Archive for June, 2010
Thus the wise man, at all times and on every road, carries a mind ripe for acquisitions that ordinary folk neglect. The humblest occupation is for him a continuation of the loftiest; his formal calls are fortunate chances of investigation; his walks are voyages of discovery, what he hears and his silent answers are a dialogue that truth carries on with herself within him. Wherever he is, his inner universe is comparing itself with the other, his life with Life, his work with the incessant work of all beings; and as he comes forth from the narrow space in which his concentrated study is done, one gets the impression, not that he is leaving the true behind, but that he is throwing his door wide open so that the world may bring to him all the truth given out in its mighty activities.
- A.G. Sertillanges, The Intellectual Life: Its Sprit, Conditions, Methods (p. 81)
I’ve been watching a little bit of World Cup action over the last few days, and I just want to go on the record in support of a ban on the vuvuzela. In case you’ve been living under a rock–or just don’t have cable–the vuvuzelas are those plastic horns that South African fans blow at the soccer matches. Sounds like fun, right? Wrong–they blow them constantly, an incessant buzzing of ten thousand huge bees.
This has become a serious problem for FIFA for three reasons. First, the buzzing is overwhelming for TV spectators–I can’t watch the games with sound anymore. One French channel is now offering vuvuzela-free broadcast using digital filters. Second, the players have trouble communicating with each other and the benches, because they can’t hear. Third, fans constantly blowing horns can’t cheer, and other fans don’t even bother to cheer over the blaring. No cheering means no dynamic from the crowd, no swell of sound as one team moves the ball down the field or gets a key chance.
Anyway, that’s my two cents. I wish FIFA would ban them from the games, but it looks like that won’t happen.
On the subject of horns, I was reading Daniel 8 yesterday and thinking about the various opinions on how to date the book. Daniel 8 contains the vision of the ram and the male goat. The male goat defeats the ram, but its great horn breaks into four smaller horns. The rest of the vision is concerned with the blasphemies and desecrations of the little horn.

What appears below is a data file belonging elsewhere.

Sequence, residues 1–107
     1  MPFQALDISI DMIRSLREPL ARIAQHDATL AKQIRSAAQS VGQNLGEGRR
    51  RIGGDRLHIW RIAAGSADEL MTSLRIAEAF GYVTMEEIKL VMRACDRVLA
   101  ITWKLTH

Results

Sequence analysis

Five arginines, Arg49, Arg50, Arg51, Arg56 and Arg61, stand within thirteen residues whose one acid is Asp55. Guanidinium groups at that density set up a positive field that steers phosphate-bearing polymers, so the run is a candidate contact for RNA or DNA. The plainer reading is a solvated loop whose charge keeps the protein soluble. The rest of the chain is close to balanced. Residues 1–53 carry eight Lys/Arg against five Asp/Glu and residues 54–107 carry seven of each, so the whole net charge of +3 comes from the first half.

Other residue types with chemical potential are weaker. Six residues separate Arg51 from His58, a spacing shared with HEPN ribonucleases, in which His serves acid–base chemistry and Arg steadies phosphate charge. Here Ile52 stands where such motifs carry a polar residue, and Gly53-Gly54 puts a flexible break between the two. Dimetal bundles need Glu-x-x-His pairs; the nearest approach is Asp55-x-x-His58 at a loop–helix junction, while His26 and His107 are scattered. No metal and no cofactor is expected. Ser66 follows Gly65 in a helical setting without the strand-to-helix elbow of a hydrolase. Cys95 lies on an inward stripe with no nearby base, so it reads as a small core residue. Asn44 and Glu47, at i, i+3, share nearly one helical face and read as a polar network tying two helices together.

Verses 1-14 contain the vision, and verses 15-27 provide the interpretation. According to the angel Gabriel, the ram with two horns represents Persia and Media, and the goat represents Greece (Yawan). The interpretation clearly points to Alexander the Great as the goat’s great horn, and his four generals as the smaller horns. The Seleucid kings are the little horn.
This interpretation is widely accepted by conservative and liberal scholars alike. There is significant divergence of opinion about the conclusions that should be drawn about the background of the book from this chapter. Critical scholars presuppose that predictive prophecy is not possible, and so can they date this portion of the book no earlier than the Maccabean period (160s BCE). Many conservative scholars presuppose Danielan authorship, and so they date the book in the early Persian period (late 500s BCE).
I would like to question both of these presuppositions. I embrace the Book of Daniel as Scripture and wholeheartedly believe its message, which is that God is sovereign over all world events. As an evangelical, I believe in God’s sovereignty and the truth of Scripture. Does this mean, however, that I must embrace Danielan authorship? Is there a way to read this book faithfully as Scripture if it were written in the Maccabean period?
I believe that God gave some people predictive visions, and so I cannot preclude the possibility of early authorship. However, many factors mitigate that possibility. The 12 chapters of MT Daniel seem to be a composite work, containing different languages (chs. 1, 8-12 in Hebrew; chs. 2-7 in Aramaic) and vastly different genres (narrative, vision, penitent prayer). The LXX versions of Daniel include two other stories (Susanna, Bel and the Dragon), another prayer and a song. Critical study would lead us to the conclusion that this is a collection of Daniel-related traditions that were brought together at a quite late date.
Why do evangelicals feel the need to question this conclusion? Are we afraid that acknowledging that Daniel 8 was written about current events (the Maccabean revolt) would detract from the divinity of Scripture? We have other examples from the OT prophets and from Revelation of biblical writers interpreting current world events through the lens of God’s sovereignty and expressing the state of the world in apocalyptic language.
Do you agree? Are evangelicals required to hold onto Daniel 8 as predictive prophecy, or is there another way to be faithful to the text of Scripture and the God who gave it to us?
A recent report has revealed that Pete Rose probably used a corked bat during his quest to unseat Ty Cobb as Baseball’s all-time hit king. If you know about baseball, you know that Rose received a lifetime ban for betting on the game while he was a manager: he can never play, coach or enter the Hall of Fame.